NASCAR's southern comfort

DEAN MCNULTY, QMI Agency

, Last Updated: 9:47 AM ET

TALLADEGA, Ala. -- There are many who say that Talladega is a throwback to a time when good old boys ran and ruled NASCAR.

Back to a time when the racing stars were named Richard Petty, David Pearson, Bobby Allison, Bill Elliott and Junior Johnson--all good southern boys from Alabama, the Carolinas, Georgia and Virginia.

That era is long gone and today's stars are named Jeff Gordon, Kasey Kahne, Kevin Harvick, Kyle Busch and Juan Pablo Montoya and they come from far away places like California, Wisconsin, Washington, Nevada and even abroad like Colombia and Australia.

But for two weekends a season NASCAR embraces its past at Talladega Superspeedway, which is nestled in the southern most reaches of the Appalachian Mountains.

Here is the last refuge of the stars and bars--the rebel flag that long ago was discarded everywhere else in the South as an ugly symbol of an ugly time.

Yet those folks who fly that flag in the RV lots that stretch as far as the eye can see around Talladega, feel no affinity to the racist signal it emotes.

In fact most just unfold the thing as a one-fingered salute to the NASCAR bosses who would rather forget that the foundation upon which sprung a multi-national, multi-billion dollar business was right here, where moonshiners and teenage rebels without a cause poured out of a post-war South to launch a sport they could call their own.

And Talladega became their Mecca, a race track so big and so fast it could make or break legends in a single lap.

The fact is, not much has changed over the past 40 or so years on the 2.66-mile high banked oval that is Talladega. The 43 drivers who will take the green flag on Sunday for the AMP Energy Juice 500 have pretty much the same fears and trepidations as those who started at the first 500- mile race here back in 1969.

When you come to Talladega you really do discover that the wild west still exists.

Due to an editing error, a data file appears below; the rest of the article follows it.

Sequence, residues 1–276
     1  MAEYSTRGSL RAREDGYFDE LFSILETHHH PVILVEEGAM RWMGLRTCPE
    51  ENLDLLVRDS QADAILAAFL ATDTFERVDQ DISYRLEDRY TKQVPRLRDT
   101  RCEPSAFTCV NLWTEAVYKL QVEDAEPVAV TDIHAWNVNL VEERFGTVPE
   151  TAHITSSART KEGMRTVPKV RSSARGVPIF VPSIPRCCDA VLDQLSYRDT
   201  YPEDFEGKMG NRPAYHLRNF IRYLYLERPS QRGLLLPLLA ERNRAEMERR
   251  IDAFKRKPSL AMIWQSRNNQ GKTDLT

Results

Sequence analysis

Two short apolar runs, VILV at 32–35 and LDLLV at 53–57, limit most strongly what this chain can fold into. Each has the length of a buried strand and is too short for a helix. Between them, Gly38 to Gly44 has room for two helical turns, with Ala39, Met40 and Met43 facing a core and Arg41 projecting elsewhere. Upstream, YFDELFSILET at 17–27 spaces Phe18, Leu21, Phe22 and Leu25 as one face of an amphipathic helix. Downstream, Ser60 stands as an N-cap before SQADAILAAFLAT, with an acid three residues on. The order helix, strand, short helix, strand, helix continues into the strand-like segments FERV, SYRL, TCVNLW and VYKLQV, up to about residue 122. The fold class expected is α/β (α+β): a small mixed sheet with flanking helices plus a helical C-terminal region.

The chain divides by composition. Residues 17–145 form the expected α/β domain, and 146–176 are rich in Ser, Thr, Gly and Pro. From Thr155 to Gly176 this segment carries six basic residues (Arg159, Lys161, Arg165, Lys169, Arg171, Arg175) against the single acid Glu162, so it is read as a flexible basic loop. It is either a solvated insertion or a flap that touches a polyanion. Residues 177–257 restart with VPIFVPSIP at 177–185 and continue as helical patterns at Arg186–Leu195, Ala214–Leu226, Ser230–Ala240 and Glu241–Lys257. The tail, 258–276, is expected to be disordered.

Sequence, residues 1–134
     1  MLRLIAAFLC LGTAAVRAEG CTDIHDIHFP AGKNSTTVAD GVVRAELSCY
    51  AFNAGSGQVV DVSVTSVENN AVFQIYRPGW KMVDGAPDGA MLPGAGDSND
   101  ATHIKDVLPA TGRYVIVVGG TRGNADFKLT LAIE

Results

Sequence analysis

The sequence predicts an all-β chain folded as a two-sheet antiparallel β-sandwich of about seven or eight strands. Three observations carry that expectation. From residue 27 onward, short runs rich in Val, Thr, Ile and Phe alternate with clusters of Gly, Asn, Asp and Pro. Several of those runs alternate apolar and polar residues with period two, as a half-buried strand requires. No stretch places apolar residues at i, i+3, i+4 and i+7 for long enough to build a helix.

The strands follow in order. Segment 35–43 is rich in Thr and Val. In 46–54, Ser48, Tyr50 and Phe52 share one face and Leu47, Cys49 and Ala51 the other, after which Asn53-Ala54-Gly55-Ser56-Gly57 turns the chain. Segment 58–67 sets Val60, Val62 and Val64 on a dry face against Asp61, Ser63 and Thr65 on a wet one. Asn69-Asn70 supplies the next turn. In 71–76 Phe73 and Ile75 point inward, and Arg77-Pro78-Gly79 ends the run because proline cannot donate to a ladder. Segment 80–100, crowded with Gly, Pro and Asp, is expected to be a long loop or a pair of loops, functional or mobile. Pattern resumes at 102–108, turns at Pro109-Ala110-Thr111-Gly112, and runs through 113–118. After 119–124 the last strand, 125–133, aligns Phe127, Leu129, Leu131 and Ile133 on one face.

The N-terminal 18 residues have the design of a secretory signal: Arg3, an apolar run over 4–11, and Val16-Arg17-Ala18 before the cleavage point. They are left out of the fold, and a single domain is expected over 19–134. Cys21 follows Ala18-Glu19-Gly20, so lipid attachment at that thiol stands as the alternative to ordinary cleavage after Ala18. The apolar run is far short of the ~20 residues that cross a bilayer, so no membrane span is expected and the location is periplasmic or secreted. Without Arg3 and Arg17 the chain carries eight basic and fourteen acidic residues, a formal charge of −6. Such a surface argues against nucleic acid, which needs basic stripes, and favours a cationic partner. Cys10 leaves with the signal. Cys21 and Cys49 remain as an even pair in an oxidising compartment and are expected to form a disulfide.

Kurt Busch, driver of the No. 2 Penske Racing Dodge, in fact describes racing at Talladega as a bit like playing Russian roulette with 3,400 pound bullets.

"The excitement level that is part of restrictor-plate racing? It's the Russian roulette atmosphere," Busch said. "'Hey, is my number going to get pulled today. Am I going to survive?' That's the whole Talladega atmosphere."

Four-time champion Johnson said he still gets the chills when he climbs into his No. 48 Hendrick Motorsports Chevrolet at the big track, because, frankly, he said, you never can plan for what can happen after the first lap.

"There really is no safe place to be on the track," Johnson said. "It seems like you can prolong your opportunity to crash until later in the event which is a strategy we've played over the years.

"But at the end, when everyone is still trying to get the best finish they can, it's just full chaos at that point."

Denny Hamlin, driver of the No. 11 Joe Gibbs Racing Toyota, who is chasing Johnson for the 2010 Chase for the Sprint Cup championship, said 100 years from now race car drivers will still be trying to figure out how to survive Talladega.

"No one has figured this thing out simply because you never know where that big wreck is going to happen or start," he said. "I think it's a complete wild card really. We just don't know what's going to happen. All I can control is to make sure that I'm not the one who causes the big wreck."

Resident NASCAR philosopher Jeff Burton, driver of the No. 31 Richard Childress Racing Chevrolet, said that Tallladega doesn't discriminate, it will come up and bite you even when you think you have done every last thing right.

"It is without a doubt the biggest opportunity to have something happen to you when you didn't do anything wrong," he said.

dean.mcnulty@sunmedia.ca


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